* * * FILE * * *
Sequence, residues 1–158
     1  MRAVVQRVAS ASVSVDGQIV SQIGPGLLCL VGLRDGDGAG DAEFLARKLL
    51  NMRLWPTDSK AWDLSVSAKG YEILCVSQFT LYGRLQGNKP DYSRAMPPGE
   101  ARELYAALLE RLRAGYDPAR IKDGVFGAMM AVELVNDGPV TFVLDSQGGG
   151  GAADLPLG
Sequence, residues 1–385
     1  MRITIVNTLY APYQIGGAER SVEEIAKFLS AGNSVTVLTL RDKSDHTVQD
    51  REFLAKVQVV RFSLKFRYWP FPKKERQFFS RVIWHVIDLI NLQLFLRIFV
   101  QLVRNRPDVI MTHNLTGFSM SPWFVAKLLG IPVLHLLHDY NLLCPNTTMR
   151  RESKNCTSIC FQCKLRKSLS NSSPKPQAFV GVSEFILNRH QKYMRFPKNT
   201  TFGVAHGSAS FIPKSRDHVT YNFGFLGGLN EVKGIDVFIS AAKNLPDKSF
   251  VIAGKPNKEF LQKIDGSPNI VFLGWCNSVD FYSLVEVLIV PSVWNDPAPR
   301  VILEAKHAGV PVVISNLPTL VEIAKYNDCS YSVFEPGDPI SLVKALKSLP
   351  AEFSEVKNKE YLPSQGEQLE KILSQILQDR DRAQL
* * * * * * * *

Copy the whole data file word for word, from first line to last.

Sequence, residues 1–158
     1  MRAVVQRVAS ASVSVDGQIV SQIGPGLLCL VGLRDGDGAG DAEFLARKLL
    51  NMRLWPTDSK AWDLSVSAKG YEILCVSQFT LYGRLQGNKP DYSRAMPPGE
   101  ARELYAALLE RLRAGYDPAR IKDGVFGAMM AVELVNDGPV TFVLDSQGGG
   151  GAADLPLG
Sequence, residues 1–385
     1  MRITIVNTLY APYQIGGAER SVEEIAKFLS AGNSVTVLTL RDKSDHTVQD
    51  REFLAKVQVV RFSLKFRYWP FPKKERQFFS RVIWHVIDLI NLQLFLRIFV
   101  QLVRNRPDVI MTHNLTGFSM SPWFVAKLLG IPVLHLLHDY NLLCPNTTMR
   151  RESKNCTSIC FQCKLRKSLS NSSPKPQAFV GVSEFILNRH QKYMRFPKNT
   201  TFGVAHGSAS FIPKSRDHVT YNFGFLGGLN EVKGIDVFIS AAKNLPDKSF
   251  VIAGKPNKEF LQKIDGSPNI VFLGWCNSVD FYSLVEVLIV PSVWNDPAPR
   301  VILEAKHAGV PVVISNLPTL VEIAKYNDCS YSVFEPGDPI SLVKALKSLP
   351  AEFSEVKNKE YLPSQGEQLE KILSQILQDR DRAQL